Courtesy of K Period Media

    "There were a couple of scenes I liked in the script but didn't shoot. One was a final flashback where Lee's [Casey Affleck] whole family goes whale watching, which would have been a very different movie from what you see now. But there was a weather problem that delayed shooting, and then it became impossible to get everyone back. I would have pressed for a reshoot if I felt the movie didn't work without it. I'd had that different ending in mind for a long time, but when we couldn't shoot it, I realized the ending we had seemed to be right on the money."

  • Arrival

    Eric Heisserer

    Paramount Pictures

    "I have occasional panic attacks in the middle of seeing movies I've written, where some voice in my head says, 'They're saying the words I wrote! I can't believe what I'm hearing because I just made those words up.' So I was surprised that after just the first few minutes of watching Arrival, I was able to relax and breathe easier because of the way Amy [Adams] made my words so much better, especially her character's reaction when a nurse takes her newborn daughter away.

    The line I'd written was, 'Come back to me.' Then, 15 years later, we see her say the same thing as her daughter is dying. She instantly seemed to wear this character like an old, comfortable sweater, I think because of her own experiences as a mother. I'd not had that particular experience before, where everything that happened on camera was so close to what I imagined, yet was also better."

  • Fences

    Constanza Romero Wilson (widow of posthumously nominated August Wilson)

    Courtesy of Paramount Pictures

    "When Troy [Denzel Washington] finds out about his mistress' death, on the stage, that scene was in the backyard. Denzel [who directed the movie] moved it inside the house, but it worked, especially when Rose [Viola Davis] leaves. I wondered how Troy would speak to her. Denzel's decision was to have him open the window and do it, with a storm going on. Troy is being answered by the lightning. I'd go as far as to say it's as if he's being answered by the gods. I was stunned by that."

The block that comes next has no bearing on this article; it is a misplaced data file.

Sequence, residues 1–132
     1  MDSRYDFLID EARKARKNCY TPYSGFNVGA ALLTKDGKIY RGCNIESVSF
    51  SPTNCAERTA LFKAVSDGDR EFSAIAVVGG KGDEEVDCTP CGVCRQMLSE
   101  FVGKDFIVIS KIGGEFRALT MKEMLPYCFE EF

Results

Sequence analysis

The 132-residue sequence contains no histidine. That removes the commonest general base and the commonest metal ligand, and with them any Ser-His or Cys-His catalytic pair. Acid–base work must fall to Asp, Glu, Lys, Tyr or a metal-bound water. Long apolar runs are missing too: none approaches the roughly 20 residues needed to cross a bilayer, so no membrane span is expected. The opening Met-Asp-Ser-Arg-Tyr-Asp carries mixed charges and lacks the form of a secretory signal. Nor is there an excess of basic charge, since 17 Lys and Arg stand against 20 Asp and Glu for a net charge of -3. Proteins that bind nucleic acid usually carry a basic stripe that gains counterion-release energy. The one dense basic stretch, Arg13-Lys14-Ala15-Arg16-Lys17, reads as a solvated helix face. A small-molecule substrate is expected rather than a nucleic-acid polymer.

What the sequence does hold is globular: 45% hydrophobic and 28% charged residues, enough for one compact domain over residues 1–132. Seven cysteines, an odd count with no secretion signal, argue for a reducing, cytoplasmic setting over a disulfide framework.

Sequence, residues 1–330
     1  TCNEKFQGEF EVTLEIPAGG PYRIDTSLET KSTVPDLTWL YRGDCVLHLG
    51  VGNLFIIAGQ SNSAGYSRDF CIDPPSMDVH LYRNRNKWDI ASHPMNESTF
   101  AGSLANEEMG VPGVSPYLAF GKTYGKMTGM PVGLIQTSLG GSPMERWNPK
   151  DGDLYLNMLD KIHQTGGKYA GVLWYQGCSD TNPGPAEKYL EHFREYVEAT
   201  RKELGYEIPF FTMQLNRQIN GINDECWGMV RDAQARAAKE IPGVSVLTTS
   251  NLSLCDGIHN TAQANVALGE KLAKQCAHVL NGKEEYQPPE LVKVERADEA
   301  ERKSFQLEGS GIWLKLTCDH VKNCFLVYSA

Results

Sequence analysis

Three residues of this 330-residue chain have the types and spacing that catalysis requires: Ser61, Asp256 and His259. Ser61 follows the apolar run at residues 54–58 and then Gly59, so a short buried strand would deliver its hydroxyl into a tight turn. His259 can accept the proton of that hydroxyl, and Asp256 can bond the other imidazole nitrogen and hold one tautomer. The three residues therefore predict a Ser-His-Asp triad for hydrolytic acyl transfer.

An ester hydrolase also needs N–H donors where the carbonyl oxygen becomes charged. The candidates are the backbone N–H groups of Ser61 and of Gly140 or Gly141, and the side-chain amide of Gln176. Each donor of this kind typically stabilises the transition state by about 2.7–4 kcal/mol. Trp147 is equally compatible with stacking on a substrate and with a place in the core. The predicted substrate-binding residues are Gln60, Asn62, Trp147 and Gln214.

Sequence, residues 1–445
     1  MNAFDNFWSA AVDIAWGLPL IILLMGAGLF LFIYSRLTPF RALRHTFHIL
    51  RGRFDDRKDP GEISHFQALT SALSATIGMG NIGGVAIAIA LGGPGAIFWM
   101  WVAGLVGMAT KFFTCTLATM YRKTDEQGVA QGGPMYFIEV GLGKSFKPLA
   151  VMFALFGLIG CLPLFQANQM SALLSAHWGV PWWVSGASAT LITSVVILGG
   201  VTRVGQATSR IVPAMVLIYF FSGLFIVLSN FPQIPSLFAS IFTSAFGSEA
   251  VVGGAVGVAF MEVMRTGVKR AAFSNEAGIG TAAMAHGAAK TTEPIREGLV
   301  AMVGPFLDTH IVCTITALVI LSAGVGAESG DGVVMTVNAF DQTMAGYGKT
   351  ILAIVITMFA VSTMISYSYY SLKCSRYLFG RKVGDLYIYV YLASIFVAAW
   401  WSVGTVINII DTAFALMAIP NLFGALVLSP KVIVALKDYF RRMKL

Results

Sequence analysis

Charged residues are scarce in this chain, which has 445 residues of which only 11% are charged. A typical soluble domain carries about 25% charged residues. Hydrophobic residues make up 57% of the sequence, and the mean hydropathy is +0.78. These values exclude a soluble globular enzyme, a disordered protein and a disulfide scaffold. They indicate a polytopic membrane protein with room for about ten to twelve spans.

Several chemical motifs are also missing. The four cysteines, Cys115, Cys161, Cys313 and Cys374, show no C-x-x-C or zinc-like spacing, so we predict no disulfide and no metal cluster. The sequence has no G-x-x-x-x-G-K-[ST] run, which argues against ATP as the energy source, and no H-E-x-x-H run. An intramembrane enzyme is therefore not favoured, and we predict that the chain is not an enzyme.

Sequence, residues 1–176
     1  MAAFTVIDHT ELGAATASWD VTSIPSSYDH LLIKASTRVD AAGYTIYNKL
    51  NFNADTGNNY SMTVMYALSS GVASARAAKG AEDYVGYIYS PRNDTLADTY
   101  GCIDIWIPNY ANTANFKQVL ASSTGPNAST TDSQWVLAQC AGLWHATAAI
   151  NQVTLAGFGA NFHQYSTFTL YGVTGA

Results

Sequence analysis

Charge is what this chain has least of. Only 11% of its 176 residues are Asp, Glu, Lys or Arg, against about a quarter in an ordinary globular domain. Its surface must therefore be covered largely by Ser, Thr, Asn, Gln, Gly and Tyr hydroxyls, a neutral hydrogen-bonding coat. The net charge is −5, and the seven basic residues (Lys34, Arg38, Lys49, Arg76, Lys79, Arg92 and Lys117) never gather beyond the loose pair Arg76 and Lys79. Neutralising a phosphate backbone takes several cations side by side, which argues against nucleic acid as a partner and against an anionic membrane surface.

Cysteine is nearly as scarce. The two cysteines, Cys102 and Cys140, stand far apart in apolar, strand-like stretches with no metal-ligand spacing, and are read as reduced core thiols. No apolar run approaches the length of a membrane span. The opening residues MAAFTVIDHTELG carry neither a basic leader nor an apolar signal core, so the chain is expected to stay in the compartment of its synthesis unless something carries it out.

• Moonlight

    Tarell Alvin McCraney (nominated with Barry Jenkins)

    Courtesy of David Bornfriend/A24

    "My play In Moonlight Black Boys Look Blue was written during a time of uncertainty. I was 22, had lost my mother and was looking to see if I could pen some fading memories. [Director] Barry Jenkins preserved the intent of my scenes, particularly when Black [Trevante Rhodes] visits Paula [Naomie Harris] in rehab. That was based on the experience of visiting my mother while she received treatment.

    What I could not have foreseen was the characters' resolution to love each other regardless, their fierce ability to look past their history and still see love. Yet there was Naomie trembling apologetically while fumbling to ignite a cigarette, and the gentle and sturdy hand of Trevante helping when she cannot. Those actors and their amazing director found that gift for us."

  • Lion

    Luke Davies

    The Weinstein Company

    "A pivotal scene was when Nicole Kidman's character says to her adopted son, Saroo [Dev Patel], 'We could have had children. We chose you.' That scene touches on universal love. I'd never been touched by adoption, so I saw Lion as a mythic tale of reunification with a long-lost mother. I wasn't prepared for how emotionally submerged I'd get in the way Nicole delivered her dialogue. You can never picture how it'll turn out as you write. Then your script goes to an actor with a rich tapestry of life like Nicole. Her history of adopting children transformed what I'd written into the beautiful thing that art is supposed to be."